Riker was born in Des Moines, Iowa, and received his Ph.D at Harvard University in 1948. He took on a professorship at Lawrence University in Appleton, Wisconsin (then Lawrence College), where he published The Theory of Political Coalitions (1962). In 1962, he became the chair of the Political Science at the University of Rochester, where he remained chair until 1977, and remained active until his death.
He founded the now-mainstream field of positive political theory, which introduced game theory and the axiomatic method of social choice theory to political science. Bruce Bueno de Mesquita and Kenneth Shepsle in their Memoir write that "These have proved crucial to predictive tests for political theory."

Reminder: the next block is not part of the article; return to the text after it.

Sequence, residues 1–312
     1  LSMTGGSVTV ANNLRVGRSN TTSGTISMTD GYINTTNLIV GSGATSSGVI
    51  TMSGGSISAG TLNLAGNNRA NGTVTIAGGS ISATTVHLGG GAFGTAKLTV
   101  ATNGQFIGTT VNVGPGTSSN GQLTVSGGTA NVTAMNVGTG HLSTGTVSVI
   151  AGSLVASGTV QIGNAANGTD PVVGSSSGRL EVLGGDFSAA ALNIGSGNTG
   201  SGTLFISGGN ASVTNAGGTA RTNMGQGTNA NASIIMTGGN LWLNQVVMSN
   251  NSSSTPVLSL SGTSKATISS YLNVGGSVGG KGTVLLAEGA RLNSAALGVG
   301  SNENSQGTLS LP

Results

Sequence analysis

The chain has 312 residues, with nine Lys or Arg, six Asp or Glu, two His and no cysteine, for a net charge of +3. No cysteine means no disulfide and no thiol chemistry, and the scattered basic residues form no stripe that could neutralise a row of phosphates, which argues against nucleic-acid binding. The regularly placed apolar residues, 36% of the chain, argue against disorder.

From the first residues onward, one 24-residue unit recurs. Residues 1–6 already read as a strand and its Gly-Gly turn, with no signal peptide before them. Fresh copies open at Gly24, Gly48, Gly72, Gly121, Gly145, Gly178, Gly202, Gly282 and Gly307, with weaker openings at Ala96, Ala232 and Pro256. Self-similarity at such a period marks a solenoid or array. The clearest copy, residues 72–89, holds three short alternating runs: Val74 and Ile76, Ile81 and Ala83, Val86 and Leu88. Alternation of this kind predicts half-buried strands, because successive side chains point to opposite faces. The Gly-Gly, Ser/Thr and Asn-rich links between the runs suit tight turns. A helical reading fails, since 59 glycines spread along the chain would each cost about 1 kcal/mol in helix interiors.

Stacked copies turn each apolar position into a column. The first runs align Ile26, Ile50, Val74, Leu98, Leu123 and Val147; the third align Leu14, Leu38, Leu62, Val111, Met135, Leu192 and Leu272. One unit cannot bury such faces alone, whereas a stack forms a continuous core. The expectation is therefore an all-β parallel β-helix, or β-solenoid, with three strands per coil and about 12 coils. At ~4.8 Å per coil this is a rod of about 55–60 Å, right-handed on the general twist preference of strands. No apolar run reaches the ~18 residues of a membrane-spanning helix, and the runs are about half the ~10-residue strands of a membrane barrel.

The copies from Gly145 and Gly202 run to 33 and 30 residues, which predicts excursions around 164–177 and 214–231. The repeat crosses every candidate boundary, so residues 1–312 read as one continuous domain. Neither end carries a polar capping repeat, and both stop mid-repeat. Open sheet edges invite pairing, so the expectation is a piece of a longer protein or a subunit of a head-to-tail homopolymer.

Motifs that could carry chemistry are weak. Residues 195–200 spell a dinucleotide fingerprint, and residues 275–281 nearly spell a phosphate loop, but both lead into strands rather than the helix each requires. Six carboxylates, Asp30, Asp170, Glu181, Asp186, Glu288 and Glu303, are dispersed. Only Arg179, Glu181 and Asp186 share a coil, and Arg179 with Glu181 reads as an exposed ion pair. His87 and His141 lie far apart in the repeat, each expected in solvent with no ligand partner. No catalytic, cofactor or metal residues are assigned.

Among other contributions, he is known for work on the theory and history of federalism and on something he called "heresthetics" - the art politicians use when they change political outcomes without changing peoples' underlying preferences, for example by manipulating the order in which decisions are made.
The William H Riker Prize is awarded bi-annually in his honor.
See also: Duverger's law